At the start of the period, 20% of the country's 20 million people lived in towns. At the time of Queen Victoria's death, that percentage had risen to 75% with a total population of approximately 40 million. The migration to the towns was the result of people seeking to find work in the factories that had begun to spring up during the period. To accommodate this influx of the masses, poor quality slums quickly rose to house them.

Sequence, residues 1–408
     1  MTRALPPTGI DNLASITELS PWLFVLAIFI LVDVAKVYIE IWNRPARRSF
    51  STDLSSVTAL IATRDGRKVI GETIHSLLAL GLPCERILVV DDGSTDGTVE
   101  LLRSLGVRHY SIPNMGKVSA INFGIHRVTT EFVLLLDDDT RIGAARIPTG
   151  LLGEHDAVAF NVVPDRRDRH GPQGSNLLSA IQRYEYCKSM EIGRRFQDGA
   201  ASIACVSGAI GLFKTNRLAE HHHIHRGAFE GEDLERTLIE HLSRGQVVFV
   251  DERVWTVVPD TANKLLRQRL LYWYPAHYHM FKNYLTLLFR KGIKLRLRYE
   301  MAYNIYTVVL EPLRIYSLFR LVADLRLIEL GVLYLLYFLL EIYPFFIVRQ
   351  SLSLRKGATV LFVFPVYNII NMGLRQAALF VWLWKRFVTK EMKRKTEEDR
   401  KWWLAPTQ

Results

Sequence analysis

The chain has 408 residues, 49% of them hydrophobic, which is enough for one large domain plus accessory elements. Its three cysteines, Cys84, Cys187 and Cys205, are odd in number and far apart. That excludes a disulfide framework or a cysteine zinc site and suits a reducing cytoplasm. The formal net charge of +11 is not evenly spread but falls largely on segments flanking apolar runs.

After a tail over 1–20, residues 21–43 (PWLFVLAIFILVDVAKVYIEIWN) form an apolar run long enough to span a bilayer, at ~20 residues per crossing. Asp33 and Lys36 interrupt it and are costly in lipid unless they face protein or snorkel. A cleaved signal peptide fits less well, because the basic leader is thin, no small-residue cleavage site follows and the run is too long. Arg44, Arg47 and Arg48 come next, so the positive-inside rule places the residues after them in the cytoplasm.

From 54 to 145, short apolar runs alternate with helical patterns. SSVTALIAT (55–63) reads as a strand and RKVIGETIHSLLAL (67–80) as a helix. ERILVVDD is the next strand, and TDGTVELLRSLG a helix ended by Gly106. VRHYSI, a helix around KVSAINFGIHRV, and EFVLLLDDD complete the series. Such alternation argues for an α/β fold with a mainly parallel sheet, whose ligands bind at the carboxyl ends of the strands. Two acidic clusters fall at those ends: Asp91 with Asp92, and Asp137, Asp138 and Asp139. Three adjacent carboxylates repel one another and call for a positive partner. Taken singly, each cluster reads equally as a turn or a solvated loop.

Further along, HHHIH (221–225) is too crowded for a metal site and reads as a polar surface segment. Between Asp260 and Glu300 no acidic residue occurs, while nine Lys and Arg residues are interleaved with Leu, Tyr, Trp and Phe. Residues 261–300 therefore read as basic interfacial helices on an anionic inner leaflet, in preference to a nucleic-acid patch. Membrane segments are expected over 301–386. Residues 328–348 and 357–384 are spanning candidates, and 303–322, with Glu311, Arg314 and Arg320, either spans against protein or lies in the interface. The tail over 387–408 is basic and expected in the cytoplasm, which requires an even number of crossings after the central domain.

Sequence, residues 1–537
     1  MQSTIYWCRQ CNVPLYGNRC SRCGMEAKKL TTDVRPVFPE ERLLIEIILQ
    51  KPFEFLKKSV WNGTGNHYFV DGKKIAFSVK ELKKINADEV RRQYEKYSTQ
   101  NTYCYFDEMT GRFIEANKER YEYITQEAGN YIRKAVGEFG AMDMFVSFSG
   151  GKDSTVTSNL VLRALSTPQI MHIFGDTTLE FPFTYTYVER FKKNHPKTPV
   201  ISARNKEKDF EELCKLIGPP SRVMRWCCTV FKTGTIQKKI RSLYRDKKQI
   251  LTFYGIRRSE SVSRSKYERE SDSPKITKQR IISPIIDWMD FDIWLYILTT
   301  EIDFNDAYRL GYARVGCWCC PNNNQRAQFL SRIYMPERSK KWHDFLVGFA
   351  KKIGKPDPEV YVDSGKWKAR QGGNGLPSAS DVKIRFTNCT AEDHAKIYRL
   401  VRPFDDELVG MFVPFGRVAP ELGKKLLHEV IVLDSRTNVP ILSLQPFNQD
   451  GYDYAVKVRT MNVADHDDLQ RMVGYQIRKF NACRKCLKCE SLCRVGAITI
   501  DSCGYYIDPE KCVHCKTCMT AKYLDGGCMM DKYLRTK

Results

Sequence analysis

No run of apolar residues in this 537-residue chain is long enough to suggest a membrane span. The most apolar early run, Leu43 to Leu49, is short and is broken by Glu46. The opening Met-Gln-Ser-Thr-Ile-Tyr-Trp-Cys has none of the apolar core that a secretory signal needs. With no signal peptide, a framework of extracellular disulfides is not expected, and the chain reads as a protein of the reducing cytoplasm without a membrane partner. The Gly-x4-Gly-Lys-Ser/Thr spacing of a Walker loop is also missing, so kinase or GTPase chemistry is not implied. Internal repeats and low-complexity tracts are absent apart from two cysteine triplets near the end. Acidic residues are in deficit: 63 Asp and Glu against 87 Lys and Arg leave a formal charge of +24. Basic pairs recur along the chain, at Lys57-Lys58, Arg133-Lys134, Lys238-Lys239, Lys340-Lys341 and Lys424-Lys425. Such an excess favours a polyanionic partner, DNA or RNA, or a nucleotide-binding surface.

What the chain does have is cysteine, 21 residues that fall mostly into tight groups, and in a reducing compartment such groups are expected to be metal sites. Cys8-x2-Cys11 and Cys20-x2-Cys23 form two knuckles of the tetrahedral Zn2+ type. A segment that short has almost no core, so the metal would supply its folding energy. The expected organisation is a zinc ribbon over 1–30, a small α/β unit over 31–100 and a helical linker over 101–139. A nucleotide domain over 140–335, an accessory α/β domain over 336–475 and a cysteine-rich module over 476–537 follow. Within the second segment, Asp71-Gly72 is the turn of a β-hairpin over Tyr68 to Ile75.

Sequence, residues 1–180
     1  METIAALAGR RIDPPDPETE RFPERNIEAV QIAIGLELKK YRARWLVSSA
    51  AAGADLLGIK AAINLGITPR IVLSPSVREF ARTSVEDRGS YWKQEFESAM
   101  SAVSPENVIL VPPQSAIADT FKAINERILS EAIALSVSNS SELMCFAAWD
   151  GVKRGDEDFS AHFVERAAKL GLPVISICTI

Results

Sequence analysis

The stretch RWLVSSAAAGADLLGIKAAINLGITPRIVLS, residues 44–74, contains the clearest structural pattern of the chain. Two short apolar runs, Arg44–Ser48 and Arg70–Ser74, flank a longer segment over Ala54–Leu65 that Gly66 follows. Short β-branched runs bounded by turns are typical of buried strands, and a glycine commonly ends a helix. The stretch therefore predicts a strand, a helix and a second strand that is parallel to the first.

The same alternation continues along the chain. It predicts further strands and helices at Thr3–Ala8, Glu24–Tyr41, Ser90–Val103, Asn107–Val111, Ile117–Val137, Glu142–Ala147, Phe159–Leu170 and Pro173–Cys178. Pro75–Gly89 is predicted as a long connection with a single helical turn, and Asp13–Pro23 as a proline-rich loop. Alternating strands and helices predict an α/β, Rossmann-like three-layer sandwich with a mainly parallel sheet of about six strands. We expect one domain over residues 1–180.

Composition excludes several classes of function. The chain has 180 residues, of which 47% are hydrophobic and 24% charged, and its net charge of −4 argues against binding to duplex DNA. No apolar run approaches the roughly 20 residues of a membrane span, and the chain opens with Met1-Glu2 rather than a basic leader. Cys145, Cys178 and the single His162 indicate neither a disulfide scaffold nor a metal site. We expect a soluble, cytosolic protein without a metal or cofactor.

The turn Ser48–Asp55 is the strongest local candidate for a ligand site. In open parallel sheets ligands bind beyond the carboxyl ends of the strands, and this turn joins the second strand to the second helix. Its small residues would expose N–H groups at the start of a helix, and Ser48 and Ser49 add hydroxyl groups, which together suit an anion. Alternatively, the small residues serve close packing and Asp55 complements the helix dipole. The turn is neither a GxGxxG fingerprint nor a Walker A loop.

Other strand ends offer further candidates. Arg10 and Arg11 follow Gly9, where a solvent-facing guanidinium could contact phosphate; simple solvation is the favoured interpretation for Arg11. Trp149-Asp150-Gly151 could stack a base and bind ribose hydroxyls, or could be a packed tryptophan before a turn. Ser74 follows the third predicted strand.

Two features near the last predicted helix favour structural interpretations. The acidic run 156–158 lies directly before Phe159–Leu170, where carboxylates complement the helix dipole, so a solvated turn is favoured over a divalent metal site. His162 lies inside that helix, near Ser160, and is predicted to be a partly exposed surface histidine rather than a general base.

Homelessness was a major problem especially for those unable to work and alcohol was not only cheap, but often easier to get than pure drinking water so drunkenness (even amongst children) was also a problem. Unsanitary conditions abounded. Poverty was so bad that many resorted to crime in the dark and dirty streets; the old and the sick falling victim to pickpockets and worse.
The streets did, however, offer numerous opportunities to earn a living. Traders sold anything from bread, milk, pies and poultry from hand carts.
On one side of London lived the wealthy who lived in large, elegant villas while on the other side of town the poor lived in squalor.
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